Sunday, April 8, 2012
Down From the Pedestal
Because he is so young compared to most in his sport, many people forget that Tiger Woods already has had a remarkable career.
He's won two of the four major tournaments four times each — the exceptions are the U.S. Open and The Open Championship, both of which he has won three times and came close to winning on a few other occasions. He also holds records for the most consecutive weeks in the top spot and the most total weeks ranked #1.
If he isn't the best golfer of all time, his name belongs in the conversation.
His pro career isn't over, of course. Many pro golfers are just hitting their stride when they are Woods' age (36), which means there may well be some more titles in his future — perhaps many more — even though he hasn't won a major since 2008, and he hasn't won two or more in a calendar year since 2006.
It doesn't look as if he will add to his majors total in today's concluding round of The Masters. There is too much ground to make up, too many golfers to overtake.
Woods won his first major, the 1997 Masters, 15 years ago this month. Only 21 years old at the time, Woods was the youngest–ever Masters champion, He wasn't the first black golfer to win at Augusta — Lee Elder accomplished that in 1975, less than a year before Woods was born — and he struggled out of the gate, but he won the tournament in dominating fashion, setting scoring records that still stand today.
Through the first nine holes, Woods was four–over par, but he finished the round three shots off the pace at two–under par. He seized control of the tournament in the second round, shooting a six–under 66.
(Nothing like that happened this year, of course. Tim Dahlberg of the Associated Press describes Tiger's second round of the Masters as "a foul–mouthed, club–kicking back nine ... that would have gotten you or me thrown off much lesser golf courses.")
Back in 1997, the third day was much like the second. Woods shot a 65 and took a nine–stroke lead into the final round. He only shot a 69 on the last day, but that was good enough to add three strokes to his final margin. His eventual margin of victory (12 strokes) is still the greatest ever in the Masters — and it was a record for all of the majors until Woods himself bested it with a 15–stroke win at the U.S. Open.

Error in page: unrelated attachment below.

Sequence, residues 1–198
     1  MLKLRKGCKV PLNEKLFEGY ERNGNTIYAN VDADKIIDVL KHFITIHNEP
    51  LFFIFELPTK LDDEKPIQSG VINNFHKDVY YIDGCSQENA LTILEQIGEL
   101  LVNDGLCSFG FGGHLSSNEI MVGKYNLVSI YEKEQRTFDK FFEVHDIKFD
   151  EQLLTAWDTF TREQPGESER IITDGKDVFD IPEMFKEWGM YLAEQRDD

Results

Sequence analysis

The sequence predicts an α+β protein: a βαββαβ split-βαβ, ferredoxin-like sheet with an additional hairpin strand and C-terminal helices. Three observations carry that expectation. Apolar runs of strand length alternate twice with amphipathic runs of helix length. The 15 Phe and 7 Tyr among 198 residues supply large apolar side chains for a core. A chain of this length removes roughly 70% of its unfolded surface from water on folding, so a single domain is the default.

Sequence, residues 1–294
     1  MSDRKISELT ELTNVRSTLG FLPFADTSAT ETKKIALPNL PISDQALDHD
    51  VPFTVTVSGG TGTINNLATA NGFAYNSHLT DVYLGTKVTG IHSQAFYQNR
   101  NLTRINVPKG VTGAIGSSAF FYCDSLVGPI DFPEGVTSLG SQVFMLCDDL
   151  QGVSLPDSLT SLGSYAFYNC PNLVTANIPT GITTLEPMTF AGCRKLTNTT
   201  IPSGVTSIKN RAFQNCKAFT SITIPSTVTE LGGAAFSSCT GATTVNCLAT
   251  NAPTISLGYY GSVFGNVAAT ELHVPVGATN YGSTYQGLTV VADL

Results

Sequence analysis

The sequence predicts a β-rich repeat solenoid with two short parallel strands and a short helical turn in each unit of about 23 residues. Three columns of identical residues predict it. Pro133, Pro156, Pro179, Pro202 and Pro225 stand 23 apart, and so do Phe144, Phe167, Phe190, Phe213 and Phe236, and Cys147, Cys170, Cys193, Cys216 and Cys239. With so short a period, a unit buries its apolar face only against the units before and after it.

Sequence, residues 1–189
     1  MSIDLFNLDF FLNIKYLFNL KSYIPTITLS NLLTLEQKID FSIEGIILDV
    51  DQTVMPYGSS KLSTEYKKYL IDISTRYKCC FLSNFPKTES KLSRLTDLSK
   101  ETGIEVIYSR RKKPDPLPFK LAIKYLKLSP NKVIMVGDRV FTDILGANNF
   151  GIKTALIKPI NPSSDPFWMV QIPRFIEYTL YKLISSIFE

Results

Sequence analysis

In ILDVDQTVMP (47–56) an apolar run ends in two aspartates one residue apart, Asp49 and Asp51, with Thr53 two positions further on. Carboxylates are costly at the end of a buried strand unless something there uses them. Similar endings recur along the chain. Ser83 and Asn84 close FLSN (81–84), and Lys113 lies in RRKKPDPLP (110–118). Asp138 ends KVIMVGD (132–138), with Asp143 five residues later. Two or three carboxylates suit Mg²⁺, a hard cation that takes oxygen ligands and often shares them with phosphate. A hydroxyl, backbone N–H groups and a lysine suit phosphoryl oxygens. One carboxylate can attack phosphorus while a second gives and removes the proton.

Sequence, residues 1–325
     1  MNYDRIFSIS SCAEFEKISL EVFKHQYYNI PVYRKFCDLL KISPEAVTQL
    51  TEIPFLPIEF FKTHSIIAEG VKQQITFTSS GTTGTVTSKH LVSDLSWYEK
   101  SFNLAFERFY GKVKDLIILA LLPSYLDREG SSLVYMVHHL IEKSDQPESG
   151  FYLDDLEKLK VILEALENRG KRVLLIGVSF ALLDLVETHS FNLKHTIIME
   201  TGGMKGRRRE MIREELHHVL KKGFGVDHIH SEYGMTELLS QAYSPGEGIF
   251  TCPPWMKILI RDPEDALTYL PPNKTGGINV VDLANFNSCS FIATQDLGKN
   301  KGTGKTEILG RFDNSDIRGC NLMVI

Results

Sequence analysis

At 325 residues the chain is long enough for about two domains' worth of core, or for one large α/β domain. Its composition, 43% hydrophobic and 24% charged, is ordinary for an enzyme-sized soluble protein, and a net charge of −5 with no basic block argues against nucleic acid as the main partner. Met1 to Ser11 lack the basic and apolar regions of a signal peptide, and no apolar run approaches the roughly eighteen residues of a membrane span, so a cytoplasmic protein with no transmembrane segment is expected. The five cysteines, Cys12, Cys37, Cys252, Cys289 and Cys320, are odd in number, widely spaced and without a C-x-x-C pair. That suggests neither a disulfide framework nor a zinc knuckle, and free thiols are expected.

If anyone in golf is regarded as a natural (a la Robert Redford in his memorable baseball movie role), it must be Woods. So often, from his childhood through his young adulthood, it has seemed that things have come so effortlessly for him — the championships, the money, the adoring women.
The 1997 Masters made him seem like golf's version of Secretariat, pulling away from the field like (in the words of horse race caller Chic Anderson) "a tremendous machine" and strolling to the clubhouse to pick up his first green jacket. Hard as it may be to recall now, there was a period there in the late 1990s when many spoke of wanting to "Tiger proof" their golf courses with par–6 holes.
Undoubtedly, Tiger was a role model for millions. He was golf's golden boy who struck it rich with endorsement deals as well as tournament triumphs. In a post–Michael Jordan world (or one that was nearly so in 1997), he was the new Muhammad Ali of sports in the late 20th and early 21st centuries, recognized by all, master of all he or anyone else could see.
But, as both Jordan and Ali could have told him, such a time is fleeting. America loves its sports heroes, but it always ends — too soon for most athletes — and the love affair with Tiger was tarnished long before this year's Masters.
His tantrums on the Augusta National course in the last few days indicate that Tiger has been doing things in reverse order. He was a child prodigy for whom success came too early; he lacks the maturity and discipline now to learn and, eventually, benefit from mistakes and setbacks.
His enablers may say otherwise, but he hastened his own plummet from golf's pedestal.